His office is a little light on the furniture, so let’s just call it modern functional. There are no plants to water, no fine art hanging on the walls, no bookcases or video collections to dust. But a burger joint, a coffee bar, a restaurant, a book store and the team’s headquarters are all within a 20- to 30-second jog of Broadway.
No, not that Broadway, not yet anyway. Sacramento’s latest pitch for a Major League Soccer franchise has far more modest beginnings – a team called Republic FC in the third-tier USL Pro league – but a superstar/celebrity coach.
His Serbian parents named him Predrag Radosavljevic, but the world knows him as “Preki,” a feisty 5-foot-9 midfielder who played for a handful of indoor soccer teams, became an American citizen and was named to U.S. World Cup teams, and won a Major League Soccer title and two MVP awards, the latter of which he nabbed at age 40. He also has coached MLS franchises in Los Angeles and Toronto, and fortunately for Republic FC investor Warren Smith he was out of work for a few seasons and awaiting another challenge when the phone rang.
Preki’s duties with Republic FC – his challenges, actually – consist of assembling a roster, producing an entertaining product that will attract at least 6,500 to a temporary facility at Cal Expo and schmoozing with the MLS game-changers who will decide which cities are worthy of MLS expansion in the next few years. According to Smith, the co-founder of the River Cats and the driving force behind Sacramento’s latest soccer undertaking, the criteria includes fan support, the quality of the facilities, location and demographics of petitioning cities, with 18-34 the target audience. The competing cities include Minneapolis, Atlanta and San Antonio, with San Antonio and Sacramento having unique appeal because neither is overcrowded with professional franchises.
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Of course, there is that little matter of constructing a new facility. It’s only taken Sacramento, what, a few decades to solve the arena conundrum? Maybe because he was part of the late Art Savage’s group that lured the River Cats from Vancouver and built Raley Field, Smith appears undaunted by the process and encouraged by the downtown real estate options.
“The MLS wants to be in urban settings, so we’re looking at the usual suspects,” Smith said, mentioning West Sacramento among the possible areas for a permanent structure.
Meantime, the more immediate heavy lifting falls to Preki, the resident soccer celebrity who was living in Chicago with wife Trisha, an executive with Chico’s clothing stores, and their two children when he flew west for the interview. Smith and Graham Smith, the Republic’s technical director, who coincidentally represented Preki during his playing career, found Sacramento an easy sell.
Preki offered to do whatever was necessary to facilitate the transition from third-tier franchise to major-league player; he didn’t take the job to remain in the minor leagues. Since moving into a downtown apartment with his son, Nick, who attends American River College and is transferring to Chico State, Preki has met with sponsors, attended meet-and-greets with fans, schmoozed potential season-ticket buyers, contacted associates at all levels inquiring about talent. He hasn’t been asked to clean countertops, butter the popcorn or drive the bus yet, but who knows? We’re not talking charter flights.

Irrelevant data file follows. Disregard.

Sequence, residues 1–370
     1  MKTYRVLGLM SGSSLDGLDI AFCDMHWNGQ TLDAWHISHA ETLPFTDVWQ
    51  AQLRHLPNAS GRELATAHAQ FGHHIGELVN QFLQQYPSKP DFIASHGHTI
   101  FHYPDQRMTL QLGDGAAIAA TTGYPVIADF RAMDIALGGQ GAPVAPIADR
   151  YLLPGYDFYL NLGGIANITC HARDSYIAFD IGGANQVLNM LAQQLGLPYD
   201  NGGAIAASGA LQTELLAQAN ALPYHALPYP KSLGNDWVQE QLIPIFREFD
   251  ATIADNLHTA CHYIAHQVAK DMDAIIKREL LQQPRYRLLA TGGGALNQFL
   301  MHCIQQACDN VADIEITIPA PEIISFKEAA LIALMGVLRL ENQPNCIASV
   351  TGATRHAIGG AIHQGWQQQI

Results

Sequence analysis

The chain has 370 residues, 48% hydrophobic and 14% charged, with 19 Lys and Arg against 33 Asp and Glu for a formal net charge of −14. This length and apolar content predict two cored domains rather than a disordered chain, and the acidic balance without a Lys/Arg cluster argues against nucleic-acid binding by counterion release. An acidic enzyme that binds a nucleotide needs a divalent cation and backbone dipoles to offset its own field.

For Saturday’s opener against the LA Galaxy II at the StubHub Center in Carson, the Belgrade native gets his choice of seats … on the bus.
“That’s not a problem,” he said, smiling. “If we were flying, you’d still have to get to the airport two hours early, then go through security. It would take just as long.”
What other secrets is Preki willing to share with his adopted community? How about this? Basketball is his first love. While growing up in the former Yugoslavia, he played point guard in the winter and midfielder in the spring and summer.
Forced to make a choice when his growth spurt ended at 5-9, Preki committed to soccer but never relinquished his passion for the game played by his friend and fellow Serb, Vlade Divac. Though Preki moved to the United States in 1985, four years before Divac arrived in Los Angeles and before the bloodshed began in the Balkans, they are friends and get together when in the same city; they were seen chatting during Divac’s visit to Sleep Train Arena last Friday.
“The world is so small,” Divac said later. “I remember watching Preki play soccer when I was a kid. He is a legend. I was so excited when I heard he was coming to Sacramento, because he’ll do great things. And I told him he was going to love it here.”
Trim and athletic, and practically oozing energy, Preki appears younger than his 50 years. Dressed in sweat pants and neon running shoes, he looked more than capable of jogging the few miles home to catch the evening’s NBA games.
“Tonight, there’s a doubleheader on TNT,” he says, grinning, looking at his watch. “I just love watching basketball.”
But soccer is his game, and he’s sticking with it. Besides the diversity of the area, another reason he found Sacramento so appealing, he said, is the steady growth of soccer within the United States.
“When I first came here, there was no chance of finding a football (soccer) game on television,” he added. “But the truth is, the game is evolving incredibly fast in this country right now. It’s only going to get better. We’ll get another World Cup here. Globally, there is nothing like it. Today, I can go and watch games live on ESPN and NBC Sports. I don’t see any reason soccer can’t take off in this place, and I want to be a part of that.”